"I'm calling from La Moneda," he told her. "The situation has become very grave. The navy has revolted and I am going to stay here." Allende was right. Even before the junta's troops surrounded the palace, the navy had announced that it had taken over and sealed off the port city of Valparaiso, 75 miles away. Marines from Valparaiso were advancing on the capital to join the soldiers, airmen and earabineros commanded by leaders of the coup. Allende soon found himself isolated from all potential supporters, A radio'From left: Admiral Merino, Generals Pinochei. Leigh and Mendoza. In the background- O'Higgins portrait

Manuel Mejido, managed to interview 15 of the people who claim to have last seen Allende alive. According to his account, the President assembled close friends in the palace and told them: "I will not abandon La Moneda. They will only take me out of here dead." The group included ten members of the security force and 30 youths of a private guard known as el Grupo de Amigos Personales (the Group of Personal Friends) General Pinochet's call was followed by one from the navy commander, Admiral Jose Toribio Merino Castro, who repeated the ultimatum. "I will not surrender," Allende declared. "That is a course for cowards like yourself " As an attack on the palace became imminent, Allende gathered his remnant of supporters in one room of the palace. "Gentlemen," he said, "I am staying." He asked everyone to leave. no one did. Allende then ordered the women to go to the office of the palace major-domo and told the men to take up combat positions. There was a 20minute attack by infantry and tanks During a brief truce, General Pinochel again called the palace, giving Allende 15 minutes to surrender. Once more the'One building attacked by troops at the first Our ry of fighting was Communist Party headquaners in Santiago, shown on IOM's cover With en Allen de banner across its facade. TIME. SEPTEmeEe 74 $073

President refused. When the attack halted, the women in the palaceincluding one of Allende's daughters, Beatriz. 31left for safety. At noon, a pair of Hawker Hunters attacked the palace with bombs, rockets and tear gas. An hour and a half later, infantrymen entered La Moneda by a side door; their officers gave Allende ten minutes to surrender. "All of you go down without weapons and with hands up," the President told the handful of aides who had stayed with him. "Go and surrender to the army. I will be the last to leave," Then, according to Mejido, Allende shot himself. Mrs. Allende had listened to her husband's final radio broadcast. "At noon, Salvador did not answer the telephone at La Moneda" she said. "When I managed to get through to La Moneda, it was security agents or carabineros who answered." Meanwhile the air force was also attacking the house at Barrio Alto. "Between attacksthe planes returned to their base to reloadthere was ferocious shooting. The residence was all smoke. The last telephone call I made to La Moneda, I had to use the telephone lying on the floor." Not until the next day was Mrs Allende told that her husband was in a military hospital. wounded. When she went to see him, she learned that he was actually dead. She told newsmen that he had probably killed himself with a submachine gun presented to him by Cuba's Fidel Castro. But rumors spread that Allende had been shot 13 times the widow later saw his coffin but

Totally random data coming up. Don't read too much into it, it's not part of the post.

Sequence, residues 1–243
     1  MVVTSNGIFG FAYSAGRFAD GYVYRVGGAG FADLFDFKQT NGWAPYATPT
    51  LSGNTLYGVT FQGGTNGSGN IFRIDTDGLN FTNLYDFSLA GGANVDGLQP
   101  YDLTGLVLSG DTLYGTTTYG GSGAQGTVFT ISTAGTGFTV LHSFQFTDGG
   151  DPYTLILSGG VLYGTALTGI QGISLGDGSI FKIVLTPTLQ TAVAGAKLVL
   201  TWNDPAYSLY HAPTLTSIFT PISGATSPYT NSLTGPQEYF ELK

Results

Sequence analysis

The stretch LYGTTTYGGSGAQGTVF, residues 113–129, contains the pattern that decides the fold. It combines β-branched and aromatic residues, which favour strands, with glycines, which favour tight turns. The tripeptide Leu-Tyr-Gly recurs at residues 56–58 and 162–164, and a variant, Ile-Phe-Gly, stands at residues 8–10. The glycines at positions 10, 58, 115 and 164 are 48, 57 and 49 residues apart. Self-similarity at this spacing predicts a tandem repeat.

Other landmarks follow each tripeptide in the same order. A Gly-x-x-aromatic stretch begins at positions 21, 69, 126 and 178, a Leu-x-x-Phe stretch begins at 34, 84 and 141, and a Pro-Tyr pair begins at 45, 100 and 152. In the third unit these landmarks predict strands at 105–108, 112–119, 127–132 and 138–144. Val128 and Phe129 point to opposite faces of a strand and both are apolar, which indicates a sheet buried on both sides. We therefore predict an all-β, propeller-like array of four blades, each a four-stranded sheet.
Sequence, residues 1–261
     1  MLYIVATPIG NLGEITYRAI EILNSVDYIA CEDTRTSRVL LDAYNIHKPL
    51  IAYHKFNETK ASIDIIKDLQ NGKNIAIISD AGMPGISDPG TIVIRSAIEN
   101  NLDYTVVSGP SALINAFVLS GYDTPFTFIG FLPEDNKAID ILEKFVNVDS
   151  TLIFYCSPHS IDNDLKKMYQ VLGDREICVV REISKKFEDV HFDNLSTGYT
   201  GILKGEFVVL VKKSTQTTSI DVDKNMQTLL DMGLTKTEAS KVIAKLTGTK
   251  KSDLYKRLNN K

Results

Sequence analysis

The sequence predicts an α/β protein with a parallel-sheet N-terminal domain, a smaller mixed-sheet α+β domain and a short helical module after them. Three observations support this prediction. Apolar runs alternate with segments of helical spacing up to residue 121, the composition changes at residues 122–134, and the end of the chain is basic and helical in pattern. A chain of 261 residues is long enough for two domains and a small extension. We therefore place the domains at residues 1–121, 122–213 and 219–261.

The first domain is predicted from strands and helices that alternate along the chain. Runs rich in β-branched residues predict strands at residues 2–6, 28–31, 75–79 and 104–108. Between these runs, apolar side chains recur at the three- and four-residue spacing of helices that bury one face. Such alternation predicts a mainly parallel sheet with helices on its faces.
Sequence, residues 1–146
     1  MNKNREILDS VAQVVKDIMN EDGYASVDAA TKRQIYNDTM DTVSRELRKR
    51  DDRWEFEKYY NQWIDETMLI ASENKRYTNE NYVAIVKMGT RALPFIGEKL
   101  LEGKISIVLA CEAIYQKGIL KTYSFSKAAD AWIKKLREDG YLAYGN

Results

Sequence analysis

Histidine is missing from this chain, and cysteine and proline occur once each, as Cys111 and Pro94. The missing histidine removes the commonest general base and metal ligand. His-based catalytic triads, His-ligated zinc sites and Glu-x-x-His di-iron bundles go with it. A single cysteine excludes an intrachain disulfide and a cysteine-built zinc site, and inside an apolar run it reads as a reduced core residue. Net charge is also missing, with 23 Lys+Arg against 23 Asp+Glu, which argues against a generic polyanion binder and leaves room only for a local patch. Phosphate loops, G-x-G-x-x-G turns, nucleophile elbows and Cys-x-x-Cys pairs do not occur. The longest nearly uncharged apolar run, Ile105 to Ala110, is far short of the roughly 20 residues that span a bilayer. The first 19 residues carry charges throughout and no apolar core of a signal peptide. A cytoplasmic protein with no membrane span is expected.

never his bodyand that he and four aides had been killed in cold blood. The rumors fed the rapidly growing legend of Allende the Marxist martyr. The same day the body of Allende was trucked to a military airport near Santiago and put aboard a plane bound for the city of Vida del Mar, where the President's family maintained a crypt. Mrs. Allende was allowed to accompany the corpse, as were his sister Laura, two nephews and an aide. At Santa Ines cemetery, Mrs. Allende, torn between sorrow and fury, picked some flowers and laid them on the coffin, "Salvador Allende cannot be buried in such an anonymous way," she said in a hard voice to the gravediggers. "I want you to know at least the name